When to overseed lawn?

Reseed your lawn to improve its look and quality, cover bare spots, and maintain its long-term health. According to the experts at Jonathan Green, fall is the best time to introduce new seed into an existing lawn of cool-season grasses.

The Jonathan Green name has represented high-quality grass seed, innovation, integrity, determination, and a commitment to excellence since 1881. Today, six generations later, we remain committed to producing superior lawn and garden products.

When to Reseed

Early fall is the very best time to reseed. Soil temperatures are still warm, which is necessary for optimum seed germination, and cooler air temperatures are better for grass growth. There will also be fewer weeds for the grass to compete with at this time of the year. With adequate sunlight, rainwater and fertilizer, you can expect the new grass seedlings to be well-established before the cooler fall weather arrives.

Many homeowners do reseed their lawns in the spring with Black Beauty Grass Seed Mixtures and still enjoy great success because Black Beauty turfgrasses are so deeply rooted and drought tolerant.

Choose the Best Grass Seed

All grass seeds are not the same. For the best results, you will need to choose a high-quality grass seed that is appropriate for your lawn seeding situation.

Used by leading sod growers across the country, Jonathan Green’s genetically superior Black Beauty® grass seed creates a lawn full of grass that:

  • Is deep rooted (can grow roots up to 4 feet deep);
  • Exhibits an invisible waxy coating (like the waxy skin on an apple) that wards off disease and locks in moisture;
  • Has leaves that are dark green, lush, and uniform in texture;
  • Grows well in both full sun as well as partial shade;
  • Is endophyte-bred for natural insect resistance.

Reseeding Tips

Prepare the area. First, remove as many weeds as possible and get rid of rocks, sticks or other debris. Then cut the lawn short – from one to two inches in height. Use a soil pH tester to ensure that the pH is between 6.2 and 7. To rapidly raise the soil’s pH and help the lawn grow greener and healthier, use Jonathan Green MAG-I-CAL®. It can be applied the same day as the grass seed is spread.

Loosen the soil. If your soil is hard or compacted, Love Your Soil® will loosen and aerate it. It will also feed the soil microbes, making the lawn soil more alive and porous, and enhancing root and root mass development. Love Your Soil® can be applied the same day as the grass seed.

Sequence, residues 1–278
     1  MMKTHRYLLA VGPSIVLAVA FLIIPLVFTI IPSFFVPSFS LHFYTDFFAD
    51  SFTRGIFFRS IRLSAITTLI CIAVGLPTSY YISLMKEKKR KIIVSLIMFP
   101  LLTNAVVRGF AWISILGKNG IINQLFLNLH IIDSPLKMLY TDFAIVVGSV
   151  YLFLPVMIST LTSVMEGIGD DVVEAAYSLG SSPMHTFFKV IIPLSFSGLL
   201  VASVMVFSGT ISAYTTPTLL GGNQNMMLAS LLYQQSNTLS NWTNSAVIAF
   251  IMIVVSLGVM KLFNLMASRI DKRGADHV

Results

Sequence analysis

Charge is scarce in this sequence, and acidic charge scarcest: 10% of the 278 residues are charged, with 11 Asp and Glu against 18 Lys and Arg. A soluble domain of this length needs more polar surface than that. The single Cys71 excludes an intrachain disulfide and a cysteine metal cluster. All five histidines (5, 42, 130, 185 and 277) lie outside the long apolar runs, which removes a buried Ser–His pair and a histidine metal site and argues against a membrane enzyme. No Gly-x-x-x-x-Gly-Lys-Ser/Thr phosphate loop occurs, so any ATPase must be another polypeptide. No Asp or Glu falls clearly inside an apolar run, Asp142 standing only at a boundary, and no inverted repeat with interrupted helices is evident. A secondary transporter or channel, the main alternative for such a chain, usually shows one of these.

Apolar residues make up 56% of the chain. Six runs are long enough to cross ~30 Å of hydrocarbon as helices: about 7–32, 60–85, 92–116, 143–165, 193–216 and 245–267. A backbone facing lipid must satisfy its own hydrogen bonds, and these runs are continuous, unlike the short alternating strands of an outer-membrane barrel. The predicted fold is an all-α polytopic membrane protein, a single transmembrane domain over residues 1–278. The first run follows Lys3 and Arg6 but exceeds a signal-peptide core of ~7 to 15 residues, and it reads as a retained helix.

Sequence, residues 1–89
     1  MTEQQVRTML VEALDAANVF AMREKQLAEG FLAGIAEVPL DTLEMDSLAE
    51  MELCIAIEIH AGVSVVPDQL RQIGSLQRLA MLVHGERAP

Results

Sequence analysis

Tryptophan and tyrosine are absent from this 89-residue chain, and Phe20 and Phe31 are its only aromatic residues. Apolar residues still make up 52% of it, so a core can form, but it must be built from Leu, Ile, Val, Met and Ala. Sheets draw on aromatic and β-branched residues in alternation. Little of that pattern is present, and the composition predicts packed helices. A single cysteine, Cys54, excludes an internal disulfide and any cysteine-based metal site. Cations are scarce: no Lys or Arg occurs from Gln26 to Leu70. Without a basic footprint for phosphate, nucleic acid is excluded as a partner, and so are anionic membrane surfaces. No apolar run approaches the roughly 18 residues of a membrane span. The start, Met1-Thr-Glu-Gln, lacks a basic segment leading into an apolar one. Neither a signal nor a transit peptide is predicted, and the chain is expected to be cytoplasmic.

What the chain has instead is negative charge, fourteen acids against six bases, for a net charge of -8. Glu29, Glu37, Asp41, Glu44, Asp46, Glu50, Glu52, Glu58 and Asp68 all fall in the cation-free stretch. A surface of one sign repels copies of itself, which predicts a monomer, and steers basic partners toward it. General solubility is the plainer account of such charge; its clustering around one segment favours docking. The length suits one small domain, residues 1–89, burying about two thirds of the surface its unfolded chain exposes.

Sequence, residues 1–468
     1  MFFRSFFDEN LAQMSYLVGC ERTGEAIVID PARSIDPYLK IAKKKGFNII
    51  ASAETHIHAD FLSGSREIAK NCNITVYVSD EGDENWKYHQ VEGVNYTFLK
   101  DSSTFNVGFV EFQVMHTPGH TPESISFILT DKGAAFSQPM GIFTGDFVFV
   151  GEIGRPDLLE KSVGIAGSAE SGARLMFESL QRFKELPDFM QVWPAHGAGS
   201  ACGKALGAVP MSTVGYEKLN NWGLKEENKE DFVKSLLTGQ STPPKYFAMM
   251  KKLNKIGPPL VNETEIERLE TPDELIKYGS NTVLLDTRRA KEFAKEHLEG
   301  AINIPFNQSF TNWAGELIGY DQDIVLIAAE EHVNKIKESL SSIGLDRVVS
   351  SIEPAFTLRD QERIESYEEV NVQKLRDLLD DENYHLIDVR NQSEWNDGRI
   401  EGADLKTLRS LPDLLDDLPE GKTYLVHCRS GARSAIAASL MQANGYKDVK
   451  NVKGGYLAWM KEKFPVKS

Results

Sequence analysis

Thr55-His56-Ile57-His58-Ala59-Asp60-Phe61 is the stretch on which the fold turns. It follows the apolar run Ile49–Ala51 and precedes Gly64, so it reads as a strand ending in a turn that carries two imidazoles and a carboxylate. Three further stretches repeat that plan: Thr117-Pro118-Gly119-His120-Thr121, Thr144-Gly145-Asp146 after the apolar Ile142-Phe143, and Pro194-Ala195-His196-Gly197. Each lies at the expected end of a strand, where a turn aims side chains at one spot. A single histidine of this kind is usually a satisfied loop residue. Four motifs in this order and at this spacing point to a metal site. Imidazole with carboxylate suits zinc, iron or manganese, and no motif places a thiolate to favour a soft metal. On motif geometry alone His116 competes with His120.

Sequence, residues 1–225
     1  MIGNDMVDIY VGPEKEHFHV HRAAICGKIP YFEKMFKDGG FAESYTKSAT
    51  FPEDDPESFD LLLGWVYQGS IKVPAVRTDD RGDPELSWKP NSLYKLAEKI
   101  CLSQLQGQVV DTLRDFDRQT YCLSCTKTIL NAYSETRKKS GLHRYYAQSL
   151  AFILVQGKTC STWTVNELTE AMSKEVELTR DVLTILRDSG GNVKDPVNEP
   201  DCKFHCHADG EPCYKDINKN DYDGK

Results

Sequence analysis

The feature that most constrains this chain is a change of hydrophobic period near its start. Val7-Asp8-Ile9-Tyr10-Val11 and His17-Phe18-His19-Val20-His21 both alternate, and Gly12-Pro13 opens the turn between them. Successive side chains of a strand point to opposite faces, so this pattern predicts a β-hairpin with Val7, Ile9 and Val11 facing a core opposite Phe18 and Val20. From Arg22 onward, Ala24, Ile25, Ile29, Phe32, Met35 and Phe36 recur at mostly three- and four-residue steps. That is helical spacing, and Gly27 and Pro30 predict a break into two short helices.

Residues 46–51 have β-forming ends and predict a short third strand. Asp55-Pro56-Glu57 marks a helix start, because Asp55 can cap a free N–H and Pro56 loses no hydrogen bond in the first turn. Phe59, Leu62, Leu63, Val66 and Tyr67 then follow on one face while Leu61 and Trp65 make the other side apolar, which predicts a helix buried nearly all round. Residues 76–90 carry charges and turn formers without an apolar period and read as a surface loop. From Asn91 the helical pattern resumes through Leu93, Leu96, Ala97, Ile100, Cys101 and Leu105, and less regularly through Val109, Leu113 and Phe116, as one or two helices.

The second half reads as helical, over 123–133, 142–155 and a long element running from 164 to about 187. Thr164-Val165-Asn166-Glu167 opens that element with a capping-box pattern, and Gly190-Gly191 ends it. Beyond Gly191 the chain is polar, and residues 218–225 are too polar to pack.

Plant the seed. Apply the Black Beauty® grass seed with a spreader. Distribute the seed evenly and moderately, then lightly rake to distribute the seed within the top quarter-inch of the loosened soil. Seed-to-soil contact is the key to achieving maximum germination.

Fertilize. Apply Jonathan Green Green-Up Lawn Food for Seeding & Sodding. This high phosphorus formula is specially formulated for seeding and spreading under newly laid sod. This fertilizer helps to build a vigorous root system and gets new grass plantings off to a fast start, resulting in a thicker, greener lawn.

Water. Keep the seed bed damp for a few weeks while the grass seed germinates. Plan to water daily and possibly twice daily (unless it’s raining) until new grass is two inches high.

For more information about the best time to reseed your lawn, visit Jonathan Green online, or get in touch with your nearest independent retail store for valuable lawn and garden advice.


Left alone, grass has no problem providing its own seed and replenishing itself. A manicured lawn often doesn’t have that ability because most, if not all, of the seeds are chopped off before they mature by repeated mowing. That’s why it’s important to reseed your lawn from time to time, especially if it gets a lot of wear and tear.

Here’s more information on how long it takes for grass seed to grow.

When you should reseed your lawn depends on geography. Here’s why fall is the best time for reseeding lawn in the North. For starters, that’s when grass normally matures its own crop of seeds, if left to its own devices. An ideal time would be at least 45 days before the first average fall frost date. Unlike spring, the soil is already warmed up, encouraging germination.

These are the complete how-to instructions for how to reseed your lawn.

Take advantage of the season, when cooler temperatures and more consistent soil moisture make things less stressful for delicate, newly forming grass blades. Fall rains tend to be gentler than those in spring, allowing the water to soak into the soil where it will do some good. In addition, less irrigation is required because the hottest weather will have passed. Weeds and pests are less prevalent, too, lessening competition and stress on new grass.